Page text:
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P’ville to go fair?

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By Jonna Spelbring Priester

The City of Pleasureville could become the first city in Henry County to pass a fairness ordinance.

Introduced during Monday night’s city commission meeting, the ordinance would bar discrimination in real estate rental or sale, or in employment, based on race, color or national origin; sex and/or gender, including gender identity; religion; age; and/or sexual orientation, either real or perceived.

Under the ordinance, residents who feel they have been discriminated against for any of those reasons would go to a designated fairness officer — in this case, the ordinance outlines that officer as a member of the city commission — to resolve the dispute.

If that fairness officer determines a violation “is more likely than not to have occurred,” then there will be a hearing with the entire commission, no less than 20 days from the date the officer makes his or her determination. There, “all parties shall be afforded the opportunity to be present and heard; have the assistance of an attorney to aid them in the presentation of their case; and the opportunity to question witnesses. A non-attorney shall not be allowed to represent any party.”

After that, a decision based on the merits of the arguments would be made in writing within 10 days.

Businesses or persons determined to have violated the ordinance also will be subject to a civil penalty of $250 for the first offense to $1,000 for the fifth and subsequent violations, and a revocation of business license.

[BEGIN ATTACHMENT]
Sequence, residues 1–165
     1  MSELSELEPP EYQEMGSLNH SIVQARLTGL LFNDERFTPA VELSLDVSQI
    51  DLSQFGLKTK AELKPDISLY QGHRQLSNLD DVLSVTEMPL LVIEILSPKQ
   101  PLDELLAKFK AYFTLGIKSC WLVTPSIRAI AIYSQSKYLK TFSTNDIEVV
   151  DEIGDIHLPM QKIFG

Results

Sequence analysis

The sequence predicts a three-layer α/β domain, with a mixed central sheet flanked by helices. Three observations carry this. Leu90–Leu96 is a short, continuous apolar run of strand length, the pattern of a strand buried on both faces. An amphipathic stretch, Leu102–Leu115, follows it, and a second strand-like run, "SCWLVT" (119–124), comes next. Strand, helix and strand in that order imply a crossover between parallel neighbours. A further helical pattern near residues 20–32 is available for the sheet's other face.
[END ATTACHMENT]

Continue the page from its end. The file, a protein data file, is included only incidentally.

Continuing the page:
Commissioner Diane Perry questioned the need for the ordinance. “How many employers do we have in Pleasureville,” she asked? “I’m not aware of anyone in this community that discriminates against anyone.”

She went on to say, however, that the issue was one the city would have to address at some point, unless the state did so first. “Is this something that the state is going to enforce? How necessary is this, at this point, for a city of this size?”

City attorney Bill Brammell said the ordinance was not a legal requirement.

“There have been a few cities that started to do this,” he said. “They are more or less making a statement as to their openness, making a social statement.”

He told Perry that some of the provisions in the ordinance already are covered by federal law — race, national origin, sex, religion and age. “This goes a little beyond that, and protects based on gender identity and sexual orientation, which goes beyond what is currently protected by the Constitution and/or state and federal law in most contexts,” he said.

“It’s a hot topic, it’s in front of the Supreme Court (of the United States). I believe one of their issues now has to do with some of this — gender identity and sexual orientation are not protected as are some of the other classes today.”

Should the city pass the ordinance, for which they had the first reading Monday, it would join five other cities in Kentucky — Covington, Frankfort, Lexington, Louisville and Vicco each have passed a fairness ordinance. Vicco is the smallest, with a 2010 census population of about 344.

Frankfort was the most recent city to pass the ordinance, in a 3-2 vote on Aug. 29.

The Pleasureville City Commission will have the second reading of the ordinance, and possibly a vote, likely on Monday, Nov. 4.